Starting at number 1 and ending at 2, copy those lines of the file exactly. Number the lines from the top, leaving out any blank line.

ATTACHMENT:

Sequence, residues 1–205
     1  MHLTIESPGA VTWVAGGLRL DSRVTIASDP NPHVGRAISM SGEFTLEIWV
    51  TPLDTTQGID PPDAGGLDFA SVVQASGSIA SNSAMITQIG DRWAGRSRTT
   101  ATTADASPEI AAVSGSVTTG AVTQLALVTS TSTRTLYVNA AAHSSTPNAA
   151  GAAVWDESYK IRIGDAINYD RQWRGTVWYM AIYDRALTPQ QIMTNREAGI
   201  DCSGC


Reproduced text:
Sequence, residues 1–205
     1  MHLTIESPGA VTWVAGGLRL DSRVTIASDP NPHVGRAISM SGEFTLEIWV